T Magazine photos held to a different standard, New York Times says

New York Times

New York Times public editor Margaret Sullivan has followed up on her May 13 post about photo standards in T Magazine following editor Deborah Needleman’s Photoshopping comments.

In the May 13 post, Needleman said she thought a cover model was too thin and “considered adding some fat to her with Photoshop,” drawing some criticism from readers and other journalists, Sullivan wrote. The verdict: News photos can’t be altered, but fashion photos are held to a different standard — and editors at the Times “are confident that readers know the difference.”

“That is inviolate, and the standards are very clear,” Michele McNally, assistant managing editor for photography, told me. The Times does not stage news photographs, or alter them digitally.

But Times editors see the fashion photography in T as an exception. “Fashion is fantasy,” Ms. McNally said. “Readers understand this. It’s totally manipulated, with everything done for aesthetics.”

Philip B. Corbett, the associate managing editor for standards, agreed. “This is a different genre of photography,” he said. “It has different goals, different tools and techniques, and there is a different expectation on the part of the reader.”

Sullivan added that Styles editor Stuart Emmrich said his features section has a definite policy on any sort of manipulation: “We strictly forbid any altering or manipulation of photos that have been shot for Styles, including fashion shoots.” Times Magazine photo director Kathy Ryan concurred, Sullivan said.

The differences in standards between T Magazine and the rest of the paper needs to be more clear, she wrote; Giving the paper’s audience the benefit of the doubt is not sound business.

Newspaper people sometimes assume too much about what readers know — for example, the difference between the opinions expressed in editorials and those expressed by a news-page columnist, or even the difference between a staff-written obituary and a paid death notice.

It would be best if all the photography produced by the Times newsroom could be held to the same standard. If that is deemed unrealistic for some parts of a fashion magazine, some transparency (and not the kind that has to do with gossamer fabrics) is needed. For example, a brief statement in each issue of T stating its photo practices would help.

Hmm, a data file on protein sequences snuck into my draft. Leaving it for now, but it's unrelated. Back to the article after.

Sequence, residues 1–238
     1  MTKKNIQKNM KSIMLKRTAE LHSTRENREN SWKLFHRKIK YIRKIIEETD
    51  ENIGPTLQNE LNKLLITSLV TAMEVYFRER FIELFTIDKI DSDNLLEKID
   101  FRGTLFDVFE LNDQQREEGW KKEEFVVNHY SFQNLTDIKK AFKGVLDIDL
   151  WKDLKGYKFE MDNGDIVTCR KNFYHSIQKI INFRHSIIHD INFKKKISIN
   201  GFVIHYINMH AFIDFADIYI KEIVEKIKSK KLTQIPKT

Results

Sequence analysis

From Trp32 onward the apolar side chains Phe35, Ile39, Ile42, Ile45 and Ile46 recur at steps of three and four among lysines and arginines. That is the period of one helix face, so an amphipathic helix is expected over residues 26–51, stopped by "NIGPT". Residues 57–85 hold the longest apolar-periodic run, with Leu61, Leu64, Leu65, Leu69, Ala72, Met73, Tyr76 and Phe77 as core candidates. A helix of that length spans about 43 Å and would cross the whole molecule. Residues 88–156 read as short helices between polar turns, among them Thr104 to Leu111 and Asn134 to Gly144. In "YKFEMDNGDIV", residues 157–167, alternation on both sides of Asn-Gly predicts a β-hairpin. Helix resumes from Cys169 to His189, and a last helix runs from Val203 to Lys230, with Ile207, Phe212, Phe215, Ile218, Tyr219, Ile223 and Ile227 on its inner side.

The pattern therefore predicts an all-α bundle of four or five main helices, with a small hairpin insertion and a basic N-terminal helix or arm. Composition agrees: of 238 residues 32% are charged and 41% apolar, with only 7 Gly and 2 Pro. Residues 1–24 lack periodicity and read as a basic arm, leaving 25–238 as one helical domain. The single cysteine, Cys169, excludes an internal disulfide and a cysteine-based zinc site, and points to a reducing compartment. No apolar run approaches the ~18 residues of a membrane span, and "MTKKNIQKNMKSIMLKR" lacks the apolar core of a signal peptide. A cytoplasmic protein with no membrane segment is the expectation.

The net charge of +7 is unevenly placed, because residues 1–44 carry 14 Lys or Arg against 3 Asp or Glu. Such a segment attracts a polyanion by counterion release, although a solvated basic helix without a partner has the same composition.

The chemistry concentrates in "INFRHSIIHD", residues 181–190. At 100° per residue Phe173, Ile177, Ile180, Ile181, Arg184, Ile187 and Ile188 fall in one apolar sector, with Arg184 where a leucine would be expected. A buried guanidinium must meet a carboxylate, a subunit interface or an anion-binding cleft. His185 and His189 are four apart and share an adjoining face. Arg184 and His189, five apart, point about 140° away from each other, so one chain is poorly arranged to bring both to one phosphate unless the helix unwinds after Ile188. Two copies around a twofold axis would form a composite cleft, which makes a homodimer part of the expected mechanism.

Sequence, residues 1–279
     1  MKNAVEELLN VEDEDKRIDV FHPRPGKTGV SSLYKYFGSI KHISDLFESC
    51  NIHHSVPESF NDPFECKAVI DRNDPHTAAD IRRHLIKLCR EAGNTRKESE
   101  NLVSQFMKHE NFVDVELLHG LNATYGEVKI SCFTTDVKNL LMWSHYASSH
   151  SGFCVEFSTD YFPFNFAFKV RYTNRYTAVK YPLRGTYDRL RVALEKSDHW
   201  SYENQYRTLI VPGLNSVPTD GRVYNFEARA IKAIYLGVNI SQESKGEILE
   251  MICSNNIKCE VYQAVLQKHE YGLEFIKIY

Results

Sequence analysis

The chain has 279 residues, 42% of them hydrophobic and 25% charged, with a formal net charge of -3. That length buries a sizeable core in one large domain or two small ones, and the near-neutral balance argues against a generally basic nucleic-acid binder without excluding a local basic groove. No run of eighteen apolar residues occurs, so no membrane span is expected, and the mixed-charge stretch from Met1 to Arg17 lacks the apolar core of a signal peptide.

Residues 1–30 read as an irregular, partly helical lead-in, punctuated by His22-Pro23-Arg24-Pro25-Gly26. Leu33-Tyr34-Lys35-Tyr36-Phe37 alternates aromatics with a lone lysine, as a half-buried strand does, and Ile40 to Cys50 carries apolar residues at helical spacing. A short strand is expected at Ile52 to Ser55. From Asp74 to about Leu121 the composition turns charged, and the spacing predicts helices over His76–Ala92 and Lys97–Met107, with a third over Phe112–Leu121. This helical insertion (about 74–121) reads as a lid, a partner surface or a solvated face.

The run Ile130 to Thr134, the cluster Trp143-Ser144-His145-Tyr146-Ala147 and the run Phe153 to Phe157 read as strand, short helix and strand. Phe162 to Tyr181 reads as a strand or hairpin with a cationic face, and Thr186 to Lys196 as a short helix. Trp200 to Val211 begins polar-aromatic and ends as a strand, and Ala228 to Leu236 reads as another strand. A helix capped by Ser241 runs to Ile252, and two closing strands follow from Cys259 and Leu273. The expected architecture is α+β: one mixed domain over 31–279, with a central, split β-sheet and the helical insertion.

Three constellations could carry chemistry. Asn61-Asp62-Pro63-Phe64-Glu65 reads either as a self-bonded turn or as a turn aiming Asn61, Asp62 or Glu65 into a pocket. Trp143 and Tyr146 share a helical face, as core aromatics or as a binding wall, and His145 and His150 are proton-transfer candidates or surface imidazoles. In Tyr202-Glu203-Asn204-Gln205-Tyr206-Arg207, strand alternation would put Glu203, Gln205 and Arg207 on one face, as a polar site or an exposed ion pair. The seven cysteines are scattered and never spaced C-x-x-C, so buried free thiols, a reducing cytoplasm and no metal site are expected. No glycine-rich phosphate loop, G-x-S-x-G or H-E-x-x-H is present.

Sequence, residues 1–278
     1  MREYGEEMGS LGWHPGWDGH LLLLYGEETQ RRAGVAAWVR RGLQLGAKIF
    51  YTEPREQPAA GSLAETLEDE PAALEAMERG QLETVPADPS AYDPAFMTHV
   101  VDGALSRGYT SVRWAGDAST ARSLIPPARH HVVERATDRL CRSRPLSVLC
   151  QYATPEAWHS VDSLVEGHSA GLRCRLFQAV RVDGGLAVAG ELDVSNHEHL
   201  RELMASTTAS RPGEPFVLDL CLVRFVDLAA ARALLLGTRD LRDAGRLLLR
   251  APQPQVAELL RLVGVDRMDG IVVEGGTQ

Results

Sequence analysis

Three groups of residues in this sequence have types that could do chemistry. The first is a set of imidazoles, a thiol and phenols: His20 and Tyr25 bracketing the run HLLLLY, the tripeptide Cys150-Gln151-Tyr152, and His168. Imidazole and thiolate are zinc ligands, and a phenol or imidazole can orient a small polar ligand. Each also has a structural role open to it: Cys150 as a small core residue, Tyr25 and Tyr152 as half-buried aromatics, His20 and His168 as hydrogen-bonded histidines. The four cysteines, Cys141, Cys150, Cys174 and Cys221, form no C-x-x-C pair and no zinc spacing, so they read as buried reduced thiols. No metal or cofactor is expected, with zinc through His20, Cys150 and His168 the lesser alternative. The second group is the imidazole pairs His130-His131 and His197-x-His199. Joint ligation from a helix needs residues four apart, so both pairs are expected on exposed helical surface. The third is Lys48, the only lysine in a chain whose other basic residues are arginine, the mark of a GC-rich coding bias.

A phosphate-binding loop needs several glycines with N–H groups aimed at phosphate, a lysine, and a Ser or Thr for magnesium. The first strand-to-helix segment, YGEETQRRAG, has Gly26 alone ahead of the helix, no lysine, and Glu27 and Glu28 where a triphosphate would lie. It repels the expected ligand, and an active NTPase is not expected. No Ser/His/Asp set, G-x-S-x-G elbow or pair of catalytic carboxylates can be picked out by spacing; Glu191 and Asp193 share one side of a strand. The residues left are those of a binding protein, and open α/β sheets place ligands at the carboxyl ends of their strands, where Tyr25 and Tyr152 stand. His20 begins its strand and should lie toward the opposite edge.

Poynter tried to contact both Sullivan and Needleman as to whether Sullivan’s suggestion would be incorporated. Both referred us to Corbett, who was out of the office on Wednesday. Corporate communications director Stephanie Yera said she would keep us informed if news administration implemented the idea.

The Times offers guidelines for photo integrity online, stating “in the cases of collages, montages, portraits, fashion or home design illustrations, fanciful contrived situations and demonstrations of how a device is used, our intervention should be unmistakable to the reader, and unmistakably free of intent to deceive.”

We have made it easy to comment on posts, however we require civility and encourage full names to that end (first initial, last name is OK). Please read our guidelines here before commenting.

  • Pat Myers

    If the NYT considers T to have the standards of fashion magazines rather than newspapers, I wonder if that extends to the collaboration with/ sucking up to designers and fashion houses that fashion mags unabashedly take part in.

  • kell

    Wow!Great article,it’s so helpful to me,and your blog is very nice,I’ve learned someting from your blog ,Keep on writing,my friend,I will keep an eye on it,One more thing,thanks for your post!welcome to my website kitchen scrubber,kitchen

  • Nuschler

    When I opened my Sunday Times and found this magazine “T” I was appalled. These girls could not have been more than 12 years old…No hips, no breasts, no leg or arm musculature. They looked extremely unhealthy, anorexic, cachetic. Ycch!